Study finds microvascular disease linked to higher risk of leg amputation

Disease of the small arteries, including retinopathy, is connected with a 3.7 times greater risk of lower limb amputation

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US researchers have published a study highlighting the link between microvascular disease and an increased risk of lower limb amputation, including retinopathy.

The study, which was published in Circulation, examined the incidence of amputation among a population of 125,674 veterans over an average follow up period of 9.3 years.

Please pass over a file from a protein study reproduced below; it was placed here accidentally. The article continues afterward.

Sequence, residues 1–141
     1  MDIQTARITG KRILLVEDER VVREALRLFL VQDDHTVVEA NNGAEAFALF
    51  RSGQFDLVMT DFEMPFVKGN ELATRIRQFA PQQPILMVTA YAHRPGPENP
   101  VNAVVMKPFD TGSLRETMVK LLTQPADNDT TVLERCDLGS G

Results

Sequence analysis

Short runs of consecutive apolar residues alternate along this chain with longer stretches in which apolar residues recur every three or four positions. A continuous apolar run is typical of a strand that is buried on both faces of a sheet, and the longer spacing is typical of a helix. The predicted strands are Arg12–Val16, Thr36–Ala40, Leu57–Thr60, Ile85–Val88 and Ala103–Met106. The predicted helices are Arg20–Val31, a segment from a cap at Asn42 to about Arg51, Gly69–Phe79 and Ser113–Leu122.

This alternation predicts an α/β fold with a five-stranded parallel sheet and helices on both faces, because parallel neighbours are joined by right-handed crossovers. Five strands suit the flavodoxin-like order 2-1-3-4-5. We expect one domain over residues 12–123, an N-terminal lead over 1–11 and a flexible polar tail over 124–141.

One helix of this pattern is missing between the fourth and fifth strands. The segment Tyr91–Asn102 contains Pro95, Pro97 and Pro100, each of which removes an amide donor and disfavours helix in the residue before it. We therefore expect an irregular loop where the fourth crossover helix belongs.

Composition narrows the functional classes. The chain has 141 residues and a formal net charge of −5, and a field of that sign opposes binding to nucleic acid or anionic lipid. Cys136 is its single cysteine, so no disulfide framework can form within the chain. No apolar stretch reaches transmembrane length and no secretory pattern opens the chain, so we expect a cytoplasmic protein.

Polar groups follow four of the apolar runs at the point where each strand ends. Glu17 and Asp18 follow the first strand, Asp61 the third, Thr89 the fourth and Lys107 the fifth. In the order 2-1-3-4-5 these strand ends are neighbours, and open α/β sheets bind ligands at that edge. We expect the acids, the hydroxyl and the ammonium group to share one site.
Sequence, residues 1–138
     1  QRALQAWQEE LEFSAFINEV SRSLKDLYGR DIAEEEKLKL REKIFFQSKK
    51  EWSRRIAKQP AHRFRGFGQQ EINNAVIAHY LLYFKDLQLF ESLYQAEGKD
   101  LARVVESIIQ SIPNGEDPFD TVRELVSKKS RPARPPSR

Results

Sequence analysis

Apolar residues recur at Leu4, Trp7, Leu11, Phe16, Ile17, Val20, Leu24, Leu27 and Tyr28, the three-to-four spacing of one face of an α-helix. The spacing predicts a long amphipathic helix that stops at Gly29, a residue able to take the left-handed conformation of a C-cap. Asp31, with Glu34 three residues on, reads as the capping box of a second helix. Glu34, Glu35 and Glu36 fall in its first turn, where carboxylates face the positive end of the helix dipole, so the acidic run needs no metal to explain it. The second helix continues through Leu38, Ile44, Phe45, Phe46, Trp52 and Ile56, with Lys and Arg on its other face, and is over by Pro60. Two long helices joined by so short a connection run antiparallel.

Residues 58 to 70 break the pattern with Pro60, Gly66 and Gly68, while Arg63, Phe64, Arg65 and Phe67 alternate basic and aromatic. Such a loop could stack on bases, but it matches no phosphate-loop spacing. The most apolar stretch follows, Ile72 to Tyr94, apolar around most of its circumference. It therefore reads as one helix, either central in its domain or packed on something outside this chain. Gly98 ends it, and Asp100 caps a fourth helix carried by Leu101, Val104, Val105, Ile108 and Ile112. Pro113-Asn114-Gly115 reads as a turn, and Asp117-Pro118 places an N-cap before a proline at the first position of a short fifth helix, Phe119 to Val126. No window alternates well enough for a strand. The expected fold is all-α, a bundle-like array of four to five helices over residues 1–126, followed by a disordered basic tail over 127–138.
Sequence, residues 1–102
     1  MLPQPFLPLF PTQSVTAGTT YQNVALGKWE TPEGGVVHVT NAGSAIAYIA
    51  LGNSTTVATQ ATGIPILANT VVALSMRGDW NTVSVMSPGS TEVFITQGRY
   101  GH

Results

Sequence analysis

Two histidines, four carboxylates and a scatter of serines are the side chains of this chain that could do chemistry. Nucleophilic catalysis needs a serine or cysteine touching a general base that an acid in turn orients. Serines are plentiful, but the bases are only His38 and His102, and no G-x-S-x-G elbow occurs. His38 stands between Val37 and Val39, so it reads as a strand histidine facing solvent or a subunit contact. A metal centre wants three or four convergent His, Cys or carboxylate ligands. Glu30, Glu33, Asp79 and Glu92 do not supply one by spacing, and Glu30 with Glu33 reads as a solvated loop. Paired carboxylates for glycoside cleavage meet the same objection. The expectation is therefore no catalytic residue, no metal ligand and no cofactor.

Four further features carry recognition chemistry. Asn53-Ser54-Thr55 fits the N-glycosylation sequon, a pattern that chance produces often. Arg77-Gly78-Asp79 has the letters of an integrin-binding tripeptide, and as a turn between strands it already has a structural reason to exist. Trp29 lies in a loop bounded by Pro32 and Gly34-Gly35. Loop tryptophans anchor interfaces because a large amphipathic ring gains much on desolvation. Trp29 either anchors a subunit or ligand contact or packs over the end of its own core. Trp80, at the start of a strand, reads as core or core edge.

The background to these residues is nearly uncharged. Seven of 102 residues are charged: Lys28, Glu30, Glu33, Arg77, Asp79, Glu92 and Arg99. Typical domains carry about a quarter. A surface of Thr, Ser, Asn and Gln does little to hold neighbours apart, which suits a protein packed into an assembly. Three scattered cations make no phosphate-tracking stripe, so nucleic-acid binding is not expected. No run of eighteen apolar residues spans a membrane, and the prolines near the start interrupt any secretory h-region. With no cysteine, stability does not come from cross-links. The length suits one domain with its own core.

The scientists found that those with microvascular disease had a 3.7 times greater risk of amputation compared to those without the condition.

Those with peripheral artery disease had an even greater risk of amputation; 13.9 times that of study participants without microvascular disease or peripheral artery disease.

Participants within the study group who had both microvascular disease and peripheral artery disease had a 22.7-fold increased risk of amputation compared to those without either condition.

Dr Joshua Beckman, from Vanderbilt University Medical Center, highlighted that the study reinforces the concept that microvascular disease is a system-wide disorder rather than only affecting one part of the body.

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